Mouth cancer kills one American every hour, and the American Cancer Society estimates approximately “35,310 new cases (25,310 in men and 10,000 in women) of oral cavity and oropharyngeal cancer…in the United States in 2008.” Signs of mouth cancer often appear not to be dangerous, and, just because you have symptoms, doesn’t necessarily mean you have mouth cancer. However, the best prevention for mouth cancer is early detection because it can be successfully treated 90 percent of the time if caught early.
Signs of Mouth Cancer
Signs of mouth cancer vary, and symptoms can occur in different areas of the mouth. However, mouth cancer occurs in the floor of the mouth (15 percent of the time), lip (10 to 15 percent of the time), minor salivary glands (10 to 15 percent of the time), tongue (20 to 25 percent of the time), and the remainder are found in the gums, tonsils, or other oral areas.
Spots or patches are one of the most common signs of mouth cancer, and they include:
- The most common symptom is white spots or patches are known as leukoplakia. About 25 percent of the spots are patches are precancerous or cancerous.
- Mixed red and white spots or patches are known as erythroleukoplakia. These mixed patches are more likely than white patches to become malignant.
- Smooth areas or red, raised spots or patches that bleed when scraped are known as erythroplakia, and, about 70 percent of erythroplakias are precancerous or cancerous.
There are also other symptoms, and these include:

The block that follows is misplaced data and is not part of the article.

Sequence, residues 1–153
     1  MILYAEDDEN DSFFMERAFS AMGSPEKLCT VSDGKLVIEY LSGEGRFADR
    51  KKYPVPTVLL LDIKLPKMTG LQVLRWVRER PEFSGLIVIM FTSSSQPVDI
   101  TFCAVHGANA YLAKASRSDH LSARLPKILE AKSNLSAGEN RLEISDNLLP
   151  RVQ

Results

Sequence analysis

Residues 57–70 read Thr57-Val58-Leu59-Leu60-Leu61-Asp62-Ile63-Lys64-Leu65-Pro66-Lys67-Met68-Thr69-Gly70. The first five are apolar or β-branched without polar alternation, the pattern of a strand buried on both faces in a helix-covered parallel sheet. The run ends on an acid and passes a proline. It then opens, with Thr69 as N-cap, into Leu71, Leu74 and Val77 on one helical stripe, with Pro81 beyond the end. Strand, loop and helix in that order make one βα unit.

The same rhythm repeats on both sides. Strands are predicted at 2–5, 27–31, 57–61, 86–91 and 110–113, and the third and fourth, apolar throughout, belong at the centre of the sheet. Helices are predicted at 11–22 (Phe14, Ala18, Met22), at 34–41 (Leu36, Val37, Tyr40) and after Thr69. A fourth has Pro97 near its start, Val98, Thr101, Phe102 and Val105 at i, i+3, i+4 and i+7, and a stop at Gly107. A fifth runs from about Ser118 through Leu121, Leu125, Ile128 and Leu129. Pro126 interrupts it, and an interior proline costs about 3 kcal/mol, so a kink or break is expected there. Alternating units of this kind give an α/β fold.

- Changes in the voice
- Constant bad breath
- Difficulty chewing or swallowing
- Earache or sore throat that does not go away
- Frequent mouth bleeding
- Loose teeth or uncomfortable or ill-fitting dentures
- Lump or thickening in the cheek, face, gums, jaw, neck, or tongue
- Sore on the lip, in the mouth, or on the throat that does not heal
Those who are at an increased risk for oral cancer include people who are eighteen to thirty-nine years old and who are sexually active with HPV 16/18. People at high risk for mouth cancer include people over forty and anyone of any age who uses tobacco. However, the group at the highest risk for mouth cancer include people who have a history of oral cancer or people who are over forty years old, use tobacco, and consume at least 2 ounces of alcohol three times per week.
Rule Out Mouth Cancer
You can rule out mouth cancer when you visit your dentist. Dentists usually visually examine your mouth and throat as part of a routine checkup. However, there is also a new painless procedure that some dentists use to detect mouth cancer early. All you do is rinse with a special solution, and then your dentist examines your mouth using fluorescent light technology, known as ViziLite.
In either case—whether the examination is by eye or with light technology—if there’s any problem, your dentist can help you determine the next step. If you have any symptoms or signs of mouth cancer, or if you have any concerns, visit your dentist because early detection is key in preventing mouth cancer. If you want to find a ViziLite provider in your area click here.